Zach, keep an open mind to this. If you come at it from a different perspective it will only help you through the years. It's an impossibilty for structure not to exist on a property, and for everything to be exactly the same. I'm not solely talking about pinch points, funnels, or other blatant obstructions that restrict travel. I'm also talking about topograghy and that's what diifferentiates mature buck travel from the rest of the deer herd. Every move a mature buck makes is dictated solely by structure (terrain variances). It could be as little as a two foot elevation difference in a particular area, but that's where he's predictable. He's going to take advantage of every terrain nuance, and it will dictate his movement. I can gaurantee it. And yes...when other marture bucks are traversing the same property they'll access it the same way. I've seen it too many times, in too many areas, in too many states. It's the one chink in their armor that they can't get away from because they're programmed for survival. The structure patterns are subtle but I promise you they exist. In a general sense, I could care less where a buck beds or feeds. I want him on his feet with the structure dictating where to kill him. Just keep an open mind to it when you begin your scouting in ernest.
 

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In a general sense, I could care less where a buck beds or feeds. I want him on his feet with the structure dictating where to kill him.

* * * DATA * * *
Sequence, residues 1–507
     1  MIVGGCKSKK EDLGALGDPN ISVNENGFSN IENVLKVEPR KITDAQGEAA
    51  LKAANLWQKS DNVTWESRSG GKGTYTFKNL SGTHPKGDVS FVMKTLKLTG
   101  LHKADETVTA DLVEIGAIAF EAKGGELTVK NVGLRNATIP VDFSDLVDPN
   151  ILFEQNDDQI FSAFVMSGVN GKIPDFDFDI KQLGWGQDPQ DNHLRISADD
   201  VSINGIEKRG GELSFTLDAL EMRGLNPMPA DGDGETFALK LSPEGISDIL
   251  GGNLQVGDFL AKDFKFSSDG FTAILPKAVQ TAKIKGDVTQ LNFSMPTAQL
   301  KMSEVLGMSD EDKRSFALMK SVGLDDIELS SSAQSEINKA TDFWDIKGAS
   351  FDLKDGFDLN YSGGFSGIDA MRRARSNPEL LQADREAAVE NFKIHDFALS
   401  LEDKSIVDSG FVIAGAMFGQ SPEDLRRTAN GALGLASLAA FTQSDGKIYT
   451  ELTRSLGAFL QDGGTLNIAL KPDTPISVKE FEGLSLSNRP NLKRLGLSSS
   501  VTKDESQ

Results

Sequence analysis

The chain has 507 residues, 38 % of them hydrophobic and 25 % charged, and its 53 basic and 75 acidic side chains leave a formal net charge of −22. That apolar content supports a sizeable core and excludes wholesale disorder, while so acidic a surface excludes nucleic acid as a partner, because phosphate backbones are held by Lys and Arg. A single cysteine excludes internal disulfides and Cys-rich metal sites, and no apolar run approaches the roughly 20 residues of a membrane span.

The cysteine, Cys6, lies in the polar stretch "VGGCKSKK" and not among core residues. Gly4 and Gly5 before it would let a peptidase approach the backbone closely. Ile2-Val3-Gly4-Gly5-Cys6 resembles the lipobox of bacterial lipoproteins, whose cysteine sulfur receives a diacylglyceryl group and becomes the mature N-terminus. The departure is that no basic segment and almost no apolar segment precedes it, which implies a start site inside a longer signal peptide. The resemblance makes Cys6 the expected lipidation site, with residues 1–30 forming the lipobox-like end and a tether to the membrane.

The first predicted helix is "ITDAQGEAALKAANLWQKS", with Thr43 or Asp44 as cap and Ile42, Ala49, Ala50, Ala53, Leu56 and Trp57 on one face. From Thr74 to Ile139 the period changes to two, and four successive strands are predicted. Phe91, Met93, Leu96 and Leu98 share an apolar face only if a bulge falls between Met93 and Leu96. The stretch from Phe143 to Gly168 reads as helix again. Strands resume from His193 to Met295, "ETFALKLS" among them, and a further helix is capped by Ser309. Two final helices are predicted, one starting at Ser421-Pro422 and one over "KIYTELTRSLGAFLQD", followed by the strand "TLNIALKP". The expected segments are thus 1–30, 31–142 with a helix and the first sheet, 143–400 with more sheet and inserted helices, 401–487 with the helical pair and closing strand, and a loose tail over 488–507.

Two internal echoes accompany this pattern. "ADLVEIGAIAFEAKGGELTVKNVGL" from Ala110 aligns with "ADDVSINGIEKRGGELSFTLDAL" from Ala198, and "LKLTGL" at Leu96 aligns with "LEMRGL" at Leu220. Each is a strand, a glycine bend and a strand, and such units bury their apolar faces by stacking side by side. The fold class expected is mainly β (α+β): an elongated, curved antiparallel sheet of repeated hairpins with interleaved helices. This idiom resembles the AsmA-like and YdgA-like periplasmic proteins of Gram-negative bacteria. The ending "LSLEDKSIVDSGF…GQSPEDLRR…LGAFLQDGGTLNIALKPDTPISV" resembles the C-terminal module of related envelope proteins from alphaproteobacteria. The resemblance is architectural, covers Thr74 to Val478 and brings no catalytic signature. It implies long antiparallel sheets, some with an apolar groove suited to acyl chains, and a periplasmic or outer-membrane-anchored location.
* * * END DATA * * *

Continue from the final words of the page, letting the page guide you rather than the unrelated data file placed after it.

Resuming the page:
My thoughts exactly.

In the areas I hunt there's endless bedding and food sources. Terrain features tell me how bucks who (imo) bed and feed randomly will predictably move around their home areas. Point A to point B, terrain will show you his route.

Another advantage of terrain features is that they (usually) never change. Once you learn to recognize terrain features that dictate buck movement you can go to a new property and apply that knowlage there without nearly the learning curve of traditional scouting. How deer relate to terrain is one of the most predictable things about their behavior
 

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Why would a person hunt an area where they might not see a doe in a week of hunting? I don't get that.
Not everyone is willing to drive far to hunt on a regular basis and not all areas are created equal. The last time my local mountainous state forest was infrared surveyed, it was estimated to have 10-12 deer per square mile (640 acres). I definitely go days without seeing deer at times but when you put the puzzle together its that much sweeter.